Not too long ago part of Norwegian Cruise Line’s plan to create a U.S.-flag fleet, the SS United States may soon be destroyed, according the United States Conservancy group. They said in a release that the ship’s current owners, Genting Hong Kong (formerly Star Cruises Limited), through its subsidiary, Norwegian Cruise Line (NCL), are currently collecting bids from scrappers.
While NCL has offered the Conservancy first right of refusal on the vessel’s sale, the Conservancy has not been in a financial position to purchase the ship outright, the group stated. However, the Conservancy has been working for a public-private partnership to save and sustain the ship for generations to come.
The Conservancy said it understands that Genting and NCL are reluctant to continue covering the significant costs associated with maintaining the vessel in its current berth in Philadelphia and appreciates the good care the vessel has received since its purchase in 2003 with the stated intention of returning the ship to seagoing service. The Conservancy has maintained a positive working relationship with NCL over the past seven years and looks forward to ongoing collaboration during this critical period.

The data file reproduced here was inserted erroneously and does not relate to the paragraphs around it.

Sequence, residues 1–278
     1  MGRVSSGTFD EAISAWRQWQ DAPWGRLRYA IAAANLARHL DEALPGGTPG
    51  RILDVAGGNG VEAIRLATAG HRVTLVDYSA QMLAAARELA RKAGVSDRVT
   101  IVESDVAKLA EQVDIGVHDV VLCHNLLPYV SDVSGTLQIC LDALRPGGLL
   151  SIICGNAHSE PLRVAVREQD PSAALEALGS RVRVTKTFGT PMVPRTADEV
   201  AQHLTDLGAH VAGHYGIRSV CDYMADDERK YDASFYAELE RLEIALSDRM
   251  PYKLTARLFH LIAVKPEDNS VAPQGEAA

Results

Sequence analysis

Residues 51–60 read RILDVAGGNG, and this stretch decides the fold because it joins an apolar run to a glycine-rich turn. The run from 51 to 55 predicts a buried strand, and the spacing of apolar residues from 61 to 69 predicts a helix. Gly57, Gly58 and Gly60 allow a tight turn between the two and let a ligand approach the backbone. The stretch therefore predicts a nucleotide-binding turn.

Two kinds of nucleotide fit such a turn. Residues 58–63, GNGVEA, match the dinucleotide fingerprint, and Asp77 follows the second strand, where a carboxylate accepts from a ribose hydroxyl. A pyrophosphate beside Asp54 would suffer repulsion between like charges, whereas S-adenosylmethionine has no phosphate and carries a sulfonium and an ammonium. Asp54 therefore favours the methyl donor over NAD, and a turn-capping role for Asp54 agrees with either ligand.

The Conservancy has begun discussions with NCL with the intent of covering some of the fees associated with maintaining the ship in Philadelphia so it can finalize plans for repurposing the ship as a stationary attraction at a large metropolitan waterfront. The Conservancy’s new national campaign is titled “Save Our Ship” (SOS) and offers a “Plank Owner” certificate for tax-deductible donations of at least $25 via its new donor website: www.ssusplankowner.org. (For more information, see below.)
“This is both a patriotic and a practical effort,” said Conservancy Executive Director Dan McSweeney, whose father emigrated from Scotland to America to serve as a crewmember aboard the vessel. “We’re absolutely committed to saving one of the most important symbols of America in the 20th century, but we’re also talking about creating hundreds, if not thousands, of jobs when this ship is refurbished and becomes a stationary attraction in a large U.S. city. We must save this irreplaceable American icon and continue the process of establishing a public-private partnership to re-purpose her.”
The United States was built in the U.S. and completed in 1952. She was mainly used for trans-Atlantic service and holds the speed record for big ships.